NaNo what now? Newbies Guide to NaNoWriMo

What is NaNoWriMo? NaNoWriMo stands for National Novel Writing Month.
Essentially it’s a global writing event held annually in November, where participants try to write a 50,000 word novel.
The first step in participating in NaNoWriMo is to join via the NaNoWriMo Website.
Then add your local region and find out who your local ML (Municipal Liaison) is.

According to the website:
Quote - “Municipal Liaisons (MLs) are volunteers who add a vibrant, real-world aspect to NaNoWriMo festivities all over the world.

They host regular writing events in November—and some MLs host write-ins, parties, and workshops all year long. They also oversee their regional forums and act as official NaNo representatives.”

I first heard about NaNoWriMo a few years ago and this year I’m participating. As a NaNoWriMo Newbie, today I’m talking to a few local experts to pick their brains about what to expect when attending NaNoWriMo for the first time.
Let me introduce my experts:
Talia Nyx - has participated 3 times, the first in 2012. Talia is the ML (Municipal Liaison) for Otago/Southland.
Judy Mohr – 2016 will be Judy’s third official NaNoWriMo, and her second year as ML for the Christchurch, New Zealand region, along with Amy Paulussen.
Chris Yee first NaNo was in 2011. Chris is one of several internationally based online administrators that oversee and maintain a NaNoWriMo Participants group on Facebook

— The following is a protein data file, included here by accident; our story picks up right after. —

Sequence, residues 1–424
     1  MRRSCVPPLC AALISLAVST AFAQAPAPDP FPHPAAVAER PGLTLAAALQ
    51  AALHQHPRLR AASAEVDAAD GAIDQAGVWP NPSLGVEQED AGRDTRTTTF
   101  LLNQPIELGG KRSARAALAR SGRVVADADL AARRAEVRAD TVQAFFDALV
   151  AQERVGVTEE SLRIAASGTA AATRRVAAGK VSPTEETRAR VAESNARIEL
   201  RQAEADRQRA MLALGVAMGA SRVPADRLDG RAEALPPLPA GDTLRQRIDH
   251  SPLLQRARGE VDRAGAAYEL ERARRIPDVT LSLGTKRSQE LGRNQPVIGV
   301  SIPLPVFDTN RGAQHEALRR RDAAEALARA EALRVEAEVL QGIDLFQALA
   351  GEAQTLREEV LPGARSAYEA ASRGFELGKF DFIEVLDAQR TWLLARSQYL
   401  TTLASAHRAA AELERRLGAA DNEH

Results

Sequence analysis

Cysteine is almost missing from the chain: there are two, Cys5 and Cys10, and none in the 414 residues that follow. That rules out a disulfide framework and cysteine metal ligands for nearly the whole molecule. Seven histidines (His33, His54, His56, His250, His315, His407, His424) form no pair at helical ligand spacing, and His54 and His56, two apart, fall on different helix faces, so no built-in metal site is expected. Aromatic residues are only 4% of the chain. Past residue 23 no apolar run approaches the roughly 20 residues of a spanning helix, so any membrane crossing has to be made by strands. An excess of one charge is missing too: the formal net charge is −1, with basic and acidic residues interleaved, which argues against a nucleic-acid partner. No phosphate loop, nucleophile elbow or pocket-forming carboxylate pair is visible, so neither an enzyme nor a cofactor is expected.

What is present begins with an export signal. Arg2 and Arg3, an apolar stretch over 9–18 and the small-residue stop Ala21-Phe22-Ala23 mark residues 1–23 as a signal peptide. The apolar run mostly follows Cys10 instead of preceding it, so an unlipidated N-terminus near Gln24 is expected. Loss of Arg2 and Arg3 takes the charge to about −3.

rom Christchurch, this year Chris will be hanging out with writers in the Twin Cities, Minnesota.
I asked my experts: What is your role in NaNoWriMo?

Talia: It is my job to get the region going, and organise Write-ins and other meet ups, provide motivation, and support; and obviously, liaise with NaNo HQ.

Judy: It’s part of our job to coordinate and organise write-ins and other activities for the region.

Chris: keep the peace as best as possible, enforcing rules and ensuring that the group is a safe and friendly place for writers to celebrate (or lament) the literary profession among like minded individuals.

One of the great things about NaNoWriMo is there are both online and in-person Write-ins.

I asked my experts, What can newbies expect when going to their first Write-in /meet-up?

Judy: It will depend entirely on the group and their dynamics. Some groups will just want to talk, having a good old chin-wag over a cup of coffee, while others will read out their work and want feedback. Every group is different, catering to a different set of needs. No one group is the same.
If it's a scheduled NaNoWriMo write-in, you can guarantee that there will be writing and little talking.

Chris: A warm welcome, inquiry into your current writing foray and general merriment. A brief interrogation, but that's just us being interested in what you're writing about. During NaNoWriMo, the MLs running the meetups will keep people from being distracted from their writing. They are fairly relaxed atmospheres and there is no obligation to go for the long haul, but incentives for being able to reach certain word goals. They are set up for people who want a place to write and/or talk about writing.

What To Expect at Write-ins:
Some groups will just want to talk
a good old chin-wag
A warm welcome

What are the benefits of attending Write-ins?

Talia: I would have to say the bouncing of ideas. We talk about what we want our story to do, how we are going about it, we discuss our characters. And we take inspiration from what and how the others are writing their stories, but also we can ask them for help clearing a writers block. We share our ideas freely, and sometimes it is the people themselves who provide the inspiration. Of course it is always nice to be able to talk about the madness that we are participating in with people who understand.